The Most Boneheaded Moves of the NFL Offseason
The NFL is heading for a quiet period with the draft and free agency mostly over.
While the open market still boasts names such as Ndamukong Suh, the timing of any signing and the end of a deal's impact on the compensatory draft pick process mean it is hard for teams to make a mistake.
But front offices have had a whole offseason to commit boneheaded blunders.
These include terrible contracts, repeated mistakes by regular offenders, bad values and seemingly rudderless directions for franchises lost at sea.
Unfortunately for the following franchises, only a large stroke of luck will make the following moves or approaches look good in hindsight.
Redskins Fumble at Safety
The Washington Redskins can't help but spin their wheels in the dirt at safety.
Bruce Allen and the embattled front office cut ties with D.J. Swearinger late last season despite quality play because of comments he made about the coaching staff. NFL players have stuck with teams for much worse, but the Redskins had at least executed a midseason trade for Ha Ha Clinton-Dix.
Clinton-Dix now plays for the Chicago Bears.
After losing a pair of starters to this seemingly backward strategy, the Redskins went out and grabbed Landon Collins, which sounds perfectly reasonable—except they did it on an $84 million contract.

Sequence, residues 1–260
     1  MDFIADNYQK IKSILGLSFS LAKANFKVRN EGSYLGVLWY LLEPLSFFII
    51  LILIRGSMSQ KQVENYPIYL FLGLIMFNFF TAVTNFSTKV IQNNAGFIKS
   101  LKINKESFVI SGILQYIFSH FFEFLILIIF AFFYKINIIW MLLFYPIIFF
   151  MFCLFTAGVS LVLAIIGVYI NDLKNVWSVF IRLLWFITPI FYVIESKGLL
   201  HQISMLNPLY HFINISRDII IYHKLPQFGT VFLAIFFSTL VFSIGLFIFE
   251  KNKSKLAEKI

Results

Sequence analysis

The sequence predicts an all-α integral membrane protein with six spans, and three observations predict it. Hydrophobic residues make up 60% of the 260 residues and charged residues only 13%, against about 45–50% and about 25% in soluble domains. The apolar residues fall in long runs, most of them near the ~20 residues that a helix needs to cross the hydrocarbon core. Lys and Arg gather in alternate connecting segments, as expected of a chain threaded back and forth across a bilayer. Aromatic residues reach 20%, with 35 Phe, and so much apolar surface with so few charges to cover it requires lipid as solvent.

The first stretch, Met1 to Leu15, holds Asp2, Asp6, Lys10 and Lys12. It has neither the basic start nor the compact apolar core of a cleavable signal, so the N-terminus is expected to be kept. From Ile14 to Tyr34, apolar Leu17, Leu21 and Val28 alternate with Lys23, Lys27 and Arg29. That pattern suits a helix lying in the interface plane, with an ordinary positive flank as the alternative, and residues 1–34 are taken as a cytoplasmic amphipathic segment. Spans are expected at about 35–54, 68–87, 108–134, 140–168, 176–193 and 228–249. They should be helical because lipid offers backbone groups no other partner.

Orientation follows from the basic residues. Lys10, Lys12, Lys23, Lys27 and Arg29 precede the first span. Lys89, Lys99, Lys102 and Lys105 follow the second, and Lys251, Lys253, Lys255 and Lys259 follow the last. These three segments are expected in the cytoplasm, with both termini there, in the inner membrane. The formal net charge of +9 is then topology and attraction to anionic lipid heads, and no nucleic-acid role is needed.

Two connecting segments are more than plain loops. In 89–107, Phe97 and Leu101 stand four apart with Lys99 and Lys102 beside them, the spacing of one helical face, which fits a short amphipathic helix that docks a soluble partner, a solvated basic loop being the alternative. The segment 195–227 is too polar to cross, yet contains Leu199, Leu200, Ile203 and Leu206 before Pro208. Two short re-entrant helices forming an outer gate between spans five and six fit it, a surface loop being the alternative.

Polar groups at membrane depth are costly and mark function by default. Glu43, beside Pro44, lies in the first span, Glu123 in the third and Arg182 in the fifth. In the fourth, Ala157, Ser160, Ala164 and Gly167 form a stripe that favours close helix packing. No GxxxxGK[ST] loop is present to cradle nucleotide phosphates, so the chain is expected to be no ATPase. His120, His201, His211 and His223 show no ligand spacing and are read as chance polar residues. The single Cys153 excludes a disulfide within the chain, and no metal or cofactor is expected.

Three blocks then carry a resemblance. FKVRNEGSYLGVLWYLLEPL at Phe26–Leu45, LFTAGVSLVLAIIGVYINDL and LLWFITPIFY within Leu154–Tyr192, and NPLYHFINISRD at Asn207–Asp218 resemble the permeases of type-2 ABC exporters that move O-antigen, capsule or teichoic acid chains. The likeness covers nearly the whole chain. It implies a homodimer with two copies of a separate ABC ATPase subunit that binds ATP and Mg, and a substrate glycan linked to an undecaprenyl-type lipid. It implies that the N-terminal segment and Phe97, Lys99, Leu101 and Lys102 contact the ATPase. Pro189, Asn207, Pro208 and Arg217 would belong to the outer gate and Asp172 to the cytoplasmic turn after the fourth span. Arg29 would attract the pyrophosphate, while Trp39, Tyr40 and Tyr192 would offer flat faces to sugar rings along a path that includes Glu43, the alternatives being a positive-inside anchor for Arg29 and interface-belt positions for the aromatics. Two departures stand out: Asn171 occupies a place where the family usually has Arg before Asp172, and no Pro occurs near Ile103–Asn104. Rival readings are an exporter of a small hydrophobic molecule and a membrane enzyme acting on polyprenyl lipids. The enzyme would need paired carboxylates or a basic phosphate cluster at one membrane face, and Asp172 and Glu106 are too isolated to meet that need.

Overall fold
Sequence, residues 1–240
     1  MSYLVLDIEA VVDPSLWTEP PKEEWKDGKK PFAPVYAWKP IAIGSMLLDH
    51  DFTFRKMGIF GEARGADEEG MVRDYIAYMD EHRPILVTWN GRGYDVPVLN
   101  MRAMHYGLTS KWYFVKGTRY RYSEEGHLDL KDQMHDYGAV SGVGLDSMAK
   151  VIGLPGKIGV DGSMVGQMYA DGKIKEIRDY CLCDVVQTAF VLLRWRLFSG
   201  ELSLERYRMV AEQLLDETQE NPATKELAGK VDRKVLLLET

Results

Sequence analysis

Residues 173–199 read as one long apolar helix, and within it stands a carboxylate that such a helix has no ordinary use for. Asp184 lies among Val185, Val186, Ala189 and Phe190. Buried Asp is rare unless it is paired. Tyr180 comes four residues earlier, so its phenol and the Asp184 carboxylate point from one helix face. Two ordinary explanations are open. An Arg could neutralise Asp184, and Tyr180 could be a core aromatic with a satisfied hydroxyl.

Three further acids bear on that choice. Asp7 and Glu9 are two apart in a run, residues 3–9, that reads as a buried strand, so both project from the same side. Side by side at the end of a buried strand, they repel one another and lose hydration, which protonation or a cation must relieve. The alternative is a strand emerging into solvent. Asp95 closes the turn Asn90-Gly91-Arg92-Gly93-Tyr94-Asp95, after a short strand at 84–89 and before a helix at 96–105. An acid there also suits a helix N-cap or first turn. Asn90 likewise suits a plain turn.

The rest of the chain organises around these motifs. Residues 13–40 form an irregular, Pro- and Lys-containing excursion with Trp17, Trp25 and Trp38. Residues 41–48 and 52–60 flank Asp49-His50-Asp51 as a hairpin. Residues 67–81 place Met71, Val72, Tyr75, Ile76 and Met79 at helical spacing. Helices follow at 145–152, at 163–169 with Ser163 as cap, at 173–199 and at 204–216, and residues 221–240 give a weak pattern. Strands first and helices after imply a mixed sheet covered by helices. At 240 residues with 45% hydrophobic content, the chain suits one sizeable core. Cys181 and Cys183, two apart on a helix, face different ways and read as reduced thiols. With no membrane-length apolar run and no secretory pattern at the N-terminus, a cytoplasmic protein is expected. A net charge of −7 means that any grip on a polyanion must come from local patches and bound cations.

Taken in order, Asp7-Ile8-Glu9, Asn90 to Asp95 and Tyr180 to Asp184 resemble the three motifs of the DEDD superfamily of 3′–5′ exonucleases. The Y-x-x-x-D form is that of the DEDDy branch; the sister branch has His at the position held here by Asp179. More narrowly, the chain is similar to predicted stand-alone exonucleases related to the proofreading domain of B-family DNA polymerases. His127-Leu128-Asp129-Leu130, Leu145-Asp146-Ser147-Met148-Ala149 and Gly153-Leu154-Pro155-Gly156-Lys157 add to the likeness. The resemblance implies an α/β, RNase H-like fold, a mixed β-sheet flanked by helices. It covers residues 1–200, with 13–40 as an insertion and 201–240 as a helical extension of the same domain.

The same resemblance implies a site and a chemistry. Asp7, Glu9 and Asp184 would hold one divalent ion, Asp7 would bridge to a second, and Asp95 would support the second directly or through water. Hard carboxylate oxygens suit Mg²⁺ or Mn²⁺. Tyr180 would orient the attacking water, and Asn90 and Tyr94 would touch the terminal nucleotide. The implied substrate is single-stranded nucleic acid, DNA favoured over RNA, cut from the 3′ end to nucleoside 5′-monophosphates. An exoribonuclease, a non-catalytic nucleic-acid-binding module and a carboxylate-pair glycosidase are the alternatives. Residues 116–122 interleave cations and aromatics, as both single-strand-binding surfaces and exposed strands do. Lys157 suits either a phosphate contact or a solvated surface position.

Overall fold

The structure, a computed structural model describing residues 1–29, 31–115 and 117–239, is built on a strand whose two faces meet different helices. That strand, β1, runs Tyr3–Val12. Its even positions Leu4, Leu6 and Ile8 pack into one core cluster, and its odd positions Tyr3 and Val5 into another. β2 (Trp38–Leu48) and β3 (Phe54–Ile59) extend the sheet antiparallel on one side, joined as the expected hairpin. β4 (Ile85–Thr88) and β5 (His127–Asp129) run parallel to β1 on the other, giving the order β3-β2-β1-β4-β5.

Semantics about guarantees aside (they have an out after ponying up $45 million over three years), Earl Thomas only got $55 million. Tyrann Mathieu and the remaining free agents at the position cashed in at $42 million or lower.
This isn't saying Collins is a bad player; he's made the Pro Bowl in three out of four years. But doling out that much after some self-inflicted wounds will probably end up serving as another example of why the Redskins just can't seem to get over the proverbial hump.
Jets Throw Massive Money at C.J. Mosley
The New York Jets were another team to grossly overreact on the open market and open up the checkbooks with reckless abandon.
Those Jets threw $85 million at C.J. Mosley to sit in the middle of their defense and lead. He's a good player, too: The 17th pick in 2014 has missed three games since while putting up 100-plus tackles in four of five seasons, the exception being the year he missed a pair of games.
But that is this-completes-our-defense money. Or premier cornerback or pass-rusher money. Not Mosley money. The first warning sign for the Jets should have been that Mosley's former team, the Baltimore Ravens, were content to let him walk despite a gross talent exodus on the defensive side of the ball over the past few years.
Make no mistake, Mosley will keep doing what Mosley does in the middle of the Jets defense. But it won't shoot the unit into the realm of the elite, and his game isn't exactly the turning point in the battle against Tom Brady.
The Jets are giving Mosley more money annually than Luke Kuechly and J.J. Watt, to put the numbers into perspective. What he's shown so far isn't enough to convince he'll reach their level of impact.